San Francisco, California
London, United Kingdom
Rob Bishop, their developer-evangelist, spent some of last summer visiting US hackspaces, giving Raspberry Pi talks and demonstrations. However there was only a short time that he could be out on the road for, leaving to large parts of the country that he wasn’t able to visit – and you let us know you they were not happy about that. So is seems this summer, he is going to be visiting the parts of the USA that they heard the most noise from: namely the Midwest and the Pacific Northwest.
There is a preliminary plan on that they are looking to follow and that plan puts them in our building on the 24th of August at about 7:30pm to socialize and learn about the Raspbery Pi. Most of the previous talks have have consisted of a talk, Q&A, live demos and (hopefully) some kind of competition for best Raspberry Pi hack.
A Little about Rob:
Rob Bishop was the first technical employee at Raspberry Pi and is currently one of two full time software engineers. Alongside his engineering responsibilities, Rob also acts as an "evangelist" and works to promote the educational mission of the Foundation.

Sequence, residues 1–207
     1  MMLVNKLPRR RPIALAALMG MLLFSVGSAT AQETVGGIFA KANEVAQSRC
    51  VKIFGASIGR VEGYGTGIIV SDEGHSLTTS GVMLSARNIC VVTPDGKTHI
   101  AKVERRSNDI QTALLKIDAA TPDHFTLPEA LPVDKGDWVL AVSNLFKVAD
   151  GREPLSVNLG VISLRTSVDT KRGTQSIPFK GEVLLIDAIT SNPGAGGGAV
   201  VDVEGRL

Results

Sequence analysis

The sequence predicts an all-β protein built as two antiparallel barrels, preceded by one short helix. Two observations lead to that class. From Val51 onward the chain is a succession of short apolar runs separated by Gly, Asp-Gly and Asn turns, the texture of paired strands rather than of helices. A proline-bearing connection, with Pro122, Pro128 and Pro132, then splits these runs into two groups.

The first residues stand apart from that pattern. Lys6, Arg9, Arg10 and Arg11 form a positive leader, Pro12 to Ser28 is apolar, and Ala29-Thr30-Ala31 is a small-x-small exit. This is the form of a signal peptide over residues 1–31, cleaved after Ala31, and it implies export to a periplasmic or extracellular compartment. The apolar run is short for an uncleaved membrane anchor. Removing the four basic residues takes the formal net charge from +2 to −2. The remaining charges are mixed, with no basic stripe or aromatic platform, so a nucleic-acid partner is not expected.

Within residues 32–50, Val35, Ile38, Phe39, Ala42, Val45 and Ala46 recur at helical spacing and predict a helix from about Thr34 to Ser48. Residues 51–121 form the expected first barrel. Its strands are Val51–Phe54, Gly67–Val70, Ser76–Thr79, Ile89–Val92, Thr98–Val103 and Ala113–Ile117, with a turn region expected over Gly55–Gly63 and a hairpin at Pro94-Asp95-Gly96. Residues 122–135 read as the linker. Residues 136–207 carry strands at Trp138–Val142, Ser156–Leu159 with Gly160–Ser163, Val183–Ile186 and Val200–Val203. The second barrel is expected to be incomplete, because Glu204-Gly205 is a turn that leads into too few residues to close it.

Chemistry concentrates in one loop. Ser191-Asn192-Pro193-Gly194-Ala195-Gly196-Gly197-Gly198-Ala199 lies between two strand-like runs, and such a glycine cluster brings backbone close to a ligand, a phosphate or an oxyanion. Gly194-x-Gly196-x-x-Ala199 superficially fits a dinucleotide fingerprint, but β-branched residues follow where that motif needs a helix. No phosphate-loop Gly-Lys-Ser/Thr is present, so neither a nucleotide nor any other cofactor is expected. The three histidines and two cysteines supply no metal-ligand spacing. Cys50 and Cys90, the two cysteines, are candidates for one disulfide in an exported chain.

Rob has given talks about the Raspberry Pi at various events worldwide, in venues ranging from conference halls to community meetings in garages.
Rob Bishop, an engineer and evangelist for the Raspberry Pi Foundation, will present a talk entitled "Raspberry Pi - One Year On" that will cover both the origin story of the Raspberry Pi as well as outlining recent developments. The talk will present technical information about the Raspberry Pi alongside a discussion of the Foundation's educational aims.
Following the presentation, there will be an opportunity for an in-depth Q&A on both educational and technical matters."
For more information about this CCCKC Members Only event, please email email@example.com
When & Where
Cowtown Computer Congress
The Cowtown Computer Congress (CCCKC) was formed in 2008 to create a shared space for local technology enthusiasts to meet, collaborate on group projects, share tools and to support Kansas City’s technology community. Kansas City has a rich and diverse technology community, however unlike some major metropolitan areas such as Austin, Texas or the Bay Area there was little structure or leadership. This lack of organization has perpetuated a false perception that Kansas City and the midwest are places for those interested in technology to avoid relocating to, or to leave for the coasts as soon as possible.